All Children Fly Away

What is a mother to do when her baby bird gains its feathers? A friend recently lamented that she would take her 2 year old son for his first hair cut the next day.  A sheer tragedy that his blonde baby curls would find the barber’s floor.  There was tension in her face and a tear in her eye. The bitter truth was evident. Her baby was taking another step toward adulthood. It was not the last step, thank God, but it seemed only another week and he would be packing his car to go to college. A sense of loss and dread came for she knows as all mothers know that a day far too soon there he will be no baby and she will be stretched into an ever changing era of motherhood.

As school starts, mothers find themselves in a similar dread. Bustling for “back to school” and shopping for the fall wardrobe, she confronts the conflicting feelings of pride and sadness as first days are at hand. Her toddler is scheduled for her first day of Kindergarten, her elementary child now a pubescent Junior High student, and an astonishingly adult-like young woman begins her High School career, and proud confusion upon confusion when her graduate sets up his University dorm room.

A mother’s identity can sometimes get stuck on what “should” have been. Many mothers experience guilt and remorse in the difficulties of the previous stage. She may even fear she has caused her child harm, haunted by the memories of disappointments or failures or broken promises. It seems that there is never enough mother to cover a day’s needs. Such fears hinder her from entering into the celebration of the “first day” that is now upon her. Regrets can dampen the excitement and joy of the new adventure that her child is entering.

Another fear may come. She asks herself if she is up to the task of the next stage. It is one thing to change a diaper or bandage a booboo, but quite another to relearn algebra, empathize with a broken puppy love heart, settle her own heart when her baby is steering 2 tons of steel and rubber at 70 miles per hour with those crazy drivers on the highway out of reach of her protective wings. Letting go is hard in any realm, but no more so when a mother must transition from being everything to an infant to a mere advisor to her nearly independent university student. God is merciful to grow them up as slowly as He does for it is overwhelming at the pace it actually comes.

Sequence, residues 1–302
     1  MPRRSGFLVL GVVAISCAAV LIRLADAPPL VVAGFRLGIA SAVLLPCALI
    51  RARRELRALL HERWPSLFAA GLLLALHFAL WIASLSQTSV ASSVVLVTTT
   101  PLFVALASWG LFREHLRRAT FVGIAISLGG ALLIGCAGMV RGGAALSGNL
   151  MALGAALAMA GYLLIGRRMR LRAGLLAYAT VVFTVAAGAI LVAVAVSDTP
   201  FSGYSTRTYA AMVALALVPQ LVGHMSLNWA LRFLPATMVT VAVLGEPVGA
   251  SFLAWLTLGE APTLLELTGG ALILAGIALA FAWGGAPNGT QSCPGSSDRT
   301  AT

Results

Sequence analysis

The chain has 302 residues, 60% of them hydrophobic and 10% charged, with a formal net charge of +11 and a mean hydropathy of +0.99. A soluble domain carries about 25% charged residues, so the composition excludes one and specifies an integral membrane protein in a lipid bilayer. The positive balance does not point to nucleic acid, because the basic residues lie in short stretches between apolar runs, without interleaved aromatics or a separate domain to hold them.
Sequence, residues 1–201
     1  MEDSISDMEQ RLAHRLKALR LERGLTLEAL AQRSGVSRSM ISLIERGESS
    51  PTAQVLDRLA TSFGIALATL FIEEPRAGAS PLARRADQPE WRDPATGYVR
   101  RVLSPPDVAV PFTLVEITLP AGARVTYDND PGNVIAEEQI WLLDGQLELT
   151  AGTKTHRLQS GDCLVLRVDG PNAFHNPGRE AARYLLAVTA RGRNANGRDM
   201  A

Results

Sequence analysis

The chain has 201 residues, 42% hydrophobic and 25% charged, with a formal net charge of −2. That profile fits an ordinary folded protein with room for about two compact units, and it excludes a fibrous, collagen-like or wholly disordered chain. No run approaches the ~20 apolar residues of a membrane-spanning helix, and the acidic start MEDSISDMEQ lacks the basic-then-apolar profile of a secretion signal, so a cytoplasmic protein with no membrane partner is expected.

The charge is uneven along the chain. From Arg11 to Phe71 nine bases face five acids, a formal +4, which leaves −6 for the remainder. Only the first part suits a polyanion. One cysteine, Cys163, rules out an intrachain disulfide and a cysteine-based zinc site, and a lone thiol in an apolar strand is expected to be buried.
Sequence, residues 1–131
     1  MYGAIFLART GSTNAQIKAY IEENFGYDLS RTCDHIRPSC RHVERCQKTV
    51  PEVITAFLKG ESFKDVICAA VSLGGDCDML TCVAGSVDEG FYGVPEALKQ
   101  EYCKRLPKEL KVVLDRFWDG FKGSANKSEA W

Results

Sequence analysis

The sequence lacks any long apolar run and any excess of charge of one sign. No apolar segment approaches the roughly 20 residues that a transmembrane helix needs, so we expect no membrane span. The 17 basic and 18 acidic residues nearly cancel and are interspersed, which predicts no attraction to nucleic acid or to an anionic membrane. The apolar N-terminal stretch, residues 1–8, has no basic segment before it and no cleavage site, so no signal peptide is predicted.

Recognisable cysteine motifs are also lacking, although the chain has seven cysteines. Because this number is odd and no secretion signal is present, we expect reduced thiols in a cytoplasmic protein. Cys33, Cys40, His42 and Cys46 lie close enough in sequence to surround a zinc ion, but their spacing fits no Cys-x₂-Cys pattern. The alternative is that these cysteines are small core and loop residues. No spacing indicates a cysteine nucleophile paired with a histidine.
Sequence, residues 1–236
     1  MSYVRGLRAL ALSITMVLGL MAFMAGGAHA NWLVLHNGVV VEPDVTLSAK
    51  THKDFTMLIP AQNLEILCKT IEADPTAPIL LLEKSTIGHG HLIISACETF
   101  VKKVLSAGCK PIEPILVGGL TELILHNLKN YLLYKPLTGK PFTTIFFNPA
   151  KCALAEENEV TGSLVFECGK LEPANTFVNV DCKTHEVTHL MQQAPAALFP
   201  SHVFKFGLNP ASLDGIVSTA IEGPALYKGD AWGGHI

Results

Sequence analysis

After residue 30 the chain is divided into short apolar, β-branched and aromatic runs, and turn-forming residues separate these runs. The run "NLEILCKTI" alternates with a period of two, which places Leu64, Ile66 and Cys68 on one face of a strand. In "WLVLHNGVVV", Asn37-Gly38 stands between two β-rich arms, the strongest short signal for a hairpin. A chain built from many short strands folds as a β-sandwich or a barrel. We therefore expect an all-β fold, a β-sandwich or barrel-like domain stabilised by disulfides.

But wait. Don’t lose sight of the main job description. The task of parenting is to teach the chicks to fly. Set aside regrets and fears. Transitions are truly marks of success for parents. Mothers nurture her chick to the edge of his healthy new life. He must flap his wings and imitate the full flight long mastered by his parents. Her son must leap (or be pushed), to test if his wings can carry him from branch to branch.

Yes mothers, celebrate your motherhood! Be joyful and proud and lead your child in excitement and anticipation as she meets her teacher, gets her locker, chooses her friends, develops her own personality, chooses her own path and learns from her own mistakes. You too are on an adventure of trust and fear. You must take another step back from the hands-on management of her life — a challenging transition of your own. A step back as they step forward. A little less in control, a little less telling them and less doing for them. A little more respecting their independence and allowing them to learn from their own mistakes. A little less able to protect and a little more trusting them and God for their safety and security.

So as the tears come when you watch your child enter his “first day” of riding the bus, driving himself to school, or buying her first semester’s books, remember that mothers are always mothers. The involvement levels and responsibilities will be reduced. The steps back are painful and filled with anxiety. The regrets will heal. Find freedom in your heart to celebrate the successful passage of a child into their new step of maturity. Champion their achievement and join them in the adventure of growing up. With every expression of independence of your son or daughter allow the quiet, confident grin to cross your face, that you have been part of the making of a good man or woman and watch them fly.

Originally Published at The Metro Woman, August 2010